‘I first heard it from the annoying horde of mortgage brokers who wanted to "just reach out" and see what I thought of their cheap mortgage deals. And then it appeared more and more often from charities, political calls, even appointment reminders. It was spreading, spreading … If you are hearing it, advise people to stop with the synthetic emotional outreach and talk like a normal human being.’

People feel so strongly about it that there is even a meme relating to it:

(For anyone who doesn’t get the reference to the Four Tops, they were a great Motown band in the 1960s who sang a song called ‘Reach out, I’ll be there’.)

Teasing out the meaning of different particles

Collating and analysing content recently added to the Collins Corpus from social media sites and news articles, we identified the most commonly used new phrasal verbs and explored the ways in which they are being formed. We then examined the particles and categorised them semantically to help users of the new COBUILD Dictionary of Phrasal Verbs to work out meanings for themselves.

So can we help our learners to gain some agency in working out what new coinages or unfamiliar coinages mean?

Well, the whole area of interpretation of particle meaning is widely discussed and much written about. One thing we can conclude is that it certainly isn’t a precise science.

Sometimes we don’t know why people are adding particles like ‘up’, ‘out’ or ‘off’ to an existing verb, but we can speculate.

  • In a cookery show on TV, why do chefs say they’re going to ‘cook off the onions’?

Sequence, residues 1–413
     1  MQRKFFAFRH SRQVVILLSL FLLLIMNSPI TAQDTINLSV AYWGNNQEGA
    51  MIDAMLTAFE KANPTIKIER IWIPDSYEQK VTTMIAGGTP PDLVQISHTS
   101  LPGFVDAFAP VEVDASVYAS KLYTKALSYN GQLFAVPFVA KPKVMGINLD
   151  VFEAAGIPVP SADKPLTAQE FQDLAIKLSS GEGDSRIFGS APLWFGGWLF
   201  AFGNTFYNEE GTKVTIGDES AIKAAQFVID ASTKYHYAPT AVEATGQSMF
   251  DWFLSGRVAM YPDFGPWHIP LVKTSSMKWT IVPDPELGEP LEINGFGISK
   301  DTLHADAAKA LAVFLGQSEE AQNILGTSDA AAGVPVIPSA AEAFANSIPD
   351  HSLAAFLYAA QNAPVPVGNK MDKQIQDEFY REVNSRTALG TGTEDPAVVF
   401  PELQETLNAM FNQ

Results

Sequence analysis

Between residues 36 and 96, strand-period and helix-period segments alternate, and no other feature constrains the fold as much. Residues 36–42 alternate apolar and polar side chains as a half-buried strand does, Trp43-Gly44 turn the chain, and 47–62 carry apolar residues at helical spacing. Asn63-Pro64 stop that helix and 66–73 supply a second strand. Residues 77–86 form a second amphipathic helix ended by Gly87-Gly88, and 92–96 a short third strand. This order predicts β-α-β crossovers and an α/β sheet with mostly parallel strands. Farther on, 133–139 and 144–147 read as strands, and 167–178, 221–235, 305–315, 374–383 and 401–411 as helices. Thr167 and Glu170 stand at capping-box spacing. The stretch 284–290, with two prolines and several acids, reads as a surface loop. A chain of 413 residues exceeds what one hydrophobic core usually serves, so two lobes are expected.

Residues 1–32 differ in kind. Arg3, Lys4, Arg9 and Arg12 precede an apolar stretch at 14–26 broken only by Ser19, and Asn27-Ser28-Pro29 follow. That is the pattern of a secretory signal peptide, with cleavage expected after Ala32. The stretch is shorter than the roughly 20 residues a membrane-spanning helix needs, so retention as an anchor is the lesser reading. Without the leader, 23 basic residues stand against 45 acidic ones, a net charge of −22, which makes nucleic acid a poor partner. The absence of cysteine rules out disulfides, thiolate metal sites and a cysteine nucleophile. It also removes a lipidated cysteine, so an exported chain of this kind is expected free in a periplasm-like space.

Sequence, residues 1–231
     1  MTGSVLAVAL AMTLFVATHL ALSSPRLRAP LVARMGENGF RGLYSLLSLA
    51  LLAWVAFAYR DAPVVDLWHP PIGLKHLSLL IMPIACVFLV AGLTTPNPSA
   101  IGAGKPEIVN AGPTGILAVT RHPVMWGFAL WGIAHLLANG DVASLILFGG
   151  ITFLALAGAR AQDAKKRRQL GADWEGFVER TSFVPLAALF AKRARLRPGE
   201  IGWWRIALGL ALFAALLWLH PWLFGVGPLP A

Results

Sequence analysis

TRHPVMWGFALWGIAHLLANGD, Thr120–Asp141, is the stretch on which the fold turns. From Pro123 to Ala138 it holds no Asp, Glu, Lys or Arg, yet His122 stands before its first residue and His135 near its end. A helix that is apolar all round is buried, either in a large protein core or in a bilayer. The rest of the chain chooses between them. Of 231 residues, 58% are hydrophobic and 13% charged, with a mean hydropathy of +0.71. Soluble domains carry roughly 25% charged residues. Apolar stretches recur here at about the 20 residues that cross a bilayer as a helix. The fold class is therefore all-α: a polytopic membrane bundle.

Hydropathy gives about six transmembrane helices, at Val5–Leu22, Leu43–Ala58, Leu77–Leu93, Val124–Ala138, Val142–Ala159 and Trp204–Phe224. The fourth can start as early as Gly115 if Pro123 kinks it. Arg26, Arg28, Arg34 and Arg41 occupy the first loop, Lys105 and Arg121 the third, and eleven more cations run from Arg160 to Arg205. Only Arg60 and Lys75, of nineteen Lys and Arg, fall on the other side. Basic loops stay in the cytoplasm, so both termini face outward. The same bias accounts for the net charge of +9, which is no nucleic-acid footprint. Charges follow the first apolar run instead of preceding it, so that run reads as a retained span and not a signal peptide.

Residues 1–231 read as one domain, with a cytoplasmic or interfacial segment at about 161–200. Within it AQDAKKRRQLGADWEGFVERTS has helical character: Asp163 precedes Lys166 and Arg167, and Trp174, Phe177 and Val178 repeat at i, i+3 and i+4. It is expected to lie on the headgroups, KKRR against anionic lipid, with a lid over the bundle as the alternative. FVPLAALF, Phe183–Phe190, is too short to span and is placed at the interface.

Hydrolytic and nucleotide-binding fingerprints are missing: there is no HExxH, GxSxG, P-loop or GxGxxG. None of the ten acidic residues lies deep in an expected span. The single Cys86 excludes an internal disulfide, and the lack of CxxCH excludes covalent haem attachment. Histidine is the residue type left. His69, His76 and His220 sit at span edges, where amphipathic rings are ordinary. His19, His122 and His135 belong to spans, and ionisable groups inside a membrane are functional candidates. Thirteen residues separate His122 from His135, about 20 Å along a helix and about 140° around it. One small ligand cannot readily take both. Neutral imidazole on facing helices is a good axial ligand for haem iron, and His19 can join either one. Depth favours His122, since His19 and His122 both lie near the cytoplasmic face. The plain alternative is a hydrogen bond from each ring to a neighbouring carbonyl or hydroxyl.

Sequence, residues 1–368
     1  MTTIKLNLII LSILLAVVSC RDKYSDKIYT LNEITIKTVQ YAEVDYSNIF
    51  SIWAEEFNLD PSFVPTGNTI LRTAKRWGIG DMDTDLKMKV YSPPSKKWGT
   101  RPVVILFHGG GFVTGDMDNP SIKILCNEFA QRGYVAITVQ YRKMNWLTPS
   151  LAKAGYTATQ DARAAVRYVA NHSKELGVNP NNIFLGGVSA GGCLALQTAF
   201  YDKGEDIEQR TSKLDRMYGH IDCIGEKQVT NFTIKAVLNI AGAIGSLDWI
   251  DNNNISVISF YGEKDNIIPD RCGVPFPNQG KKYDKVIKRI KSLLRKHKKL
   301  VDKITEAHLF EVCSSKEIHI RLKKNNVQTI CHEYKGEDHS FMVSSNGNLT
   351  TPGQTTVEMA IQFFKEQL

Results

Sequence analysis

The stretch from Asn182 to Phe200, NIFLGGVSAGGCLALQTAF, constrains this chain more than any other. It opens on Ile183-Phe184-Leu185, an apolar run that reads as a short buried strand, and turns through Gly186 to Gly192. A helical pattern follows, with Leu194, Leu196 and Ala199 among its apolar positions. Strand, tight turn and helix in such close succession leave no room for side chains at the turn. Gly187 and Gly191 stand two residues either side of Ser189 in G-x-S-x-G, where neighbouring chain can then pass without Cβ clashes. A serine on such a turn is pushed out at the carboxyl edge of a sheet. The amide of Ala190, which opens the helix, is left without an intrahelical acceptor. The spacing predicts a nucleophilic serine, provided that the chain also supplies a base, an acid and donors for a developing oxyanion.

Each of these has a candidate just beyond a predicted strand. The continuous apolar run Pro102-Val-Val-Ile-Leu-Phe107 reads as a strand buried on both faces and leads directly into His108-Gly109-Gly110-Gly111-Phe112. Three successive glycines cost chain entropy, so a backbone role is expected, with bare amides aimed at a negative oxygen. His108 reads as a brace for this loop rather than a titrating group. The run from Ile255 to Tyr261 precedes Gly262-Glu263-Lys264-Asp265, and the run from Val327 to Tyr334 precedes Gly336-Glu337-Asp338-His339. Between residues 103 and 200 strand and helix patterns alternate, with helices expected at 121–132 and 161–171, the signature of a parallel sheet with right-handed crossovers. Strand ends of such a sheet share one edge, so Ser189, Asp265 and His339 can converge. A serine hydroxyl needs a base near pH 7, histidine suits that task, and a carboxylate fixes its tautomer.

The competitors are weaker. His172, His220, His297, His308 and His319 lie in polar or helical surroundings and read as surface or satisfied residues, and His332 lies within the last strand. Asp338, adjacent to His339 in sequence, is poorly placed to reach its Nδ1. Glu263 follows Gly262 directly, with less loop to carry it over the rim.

• Why did my daughter want to ‘draft up an email’?
  • Why did the speaker on a recent webinar say that her ideas were echoed out by the teachers?

In many cases, I think perhaps the speaker simply wants to sound more informal, conversational, approachable – less stuffy, academic or formal. In other cases (and I think this is very common) the speaker is creatively merging two concepts in their head. For example:

  • Draft up might be based on the particle use in type up or write up.
  • Echoed out might be based on echoed and borne out.
  • And the TV chef is not only frying the onions, but frying them off – getting it done quickly and efficiently, following the same pattern as that found it dash off, knock off, rattle off or polish off.

When choosing which part of the particle index to put our new phrasal verbs in, we had to establish which meaning of the particle we were dealing with.

So, for example, we added airbrush out and grey out under the meaning ‘Removing, exclusing and preventing’. They followed the same pattern as words such as strike out, filter out and cut out.

Scope out was added under the meaning ‘Searching finding and obtaining’, following the same pattern as figure out, find out, puzzle out and suss out.

 

Call out was added under ‘Attacking, criticizing and protesting’, in the group comprising dish out, lash out and hit out.

 

Dial up was added under ‘Increasing’, with beef up, heat up, speed up and scale up.

And search up was inserted under ‘discovering’ with look up, dig up and chase up.

 

If you’d like to see a list of all the new phrasal verbs we added for this edition, take a look at the supplement at the end of the dictionary, ‘New phrasal verbs: where do they come from?’ It contains:

  • short explanations of tendencies we saw
  • how they work grammatically and pragmatically
  • any related compound nouns (e.g. pop up à pop-up)
  • the general meaning of their particles
  • examples taken from the corpus and other authentic sources

Here, the phrasal verbs are divided up into sections. You’ll see that by far the most productive sections are business, technology, media and social media. The general meaning of the particles are explained, and the reader can cross-refer to the particles index for more verbs that follow the same patterns.

Have you heard any new phrasal verbs recently? What do you think of the idea of categorising particles semantically to help users work out meanings for themselves? Is it worth it? Or is it easier for students simply to learn each phrasal verb individually?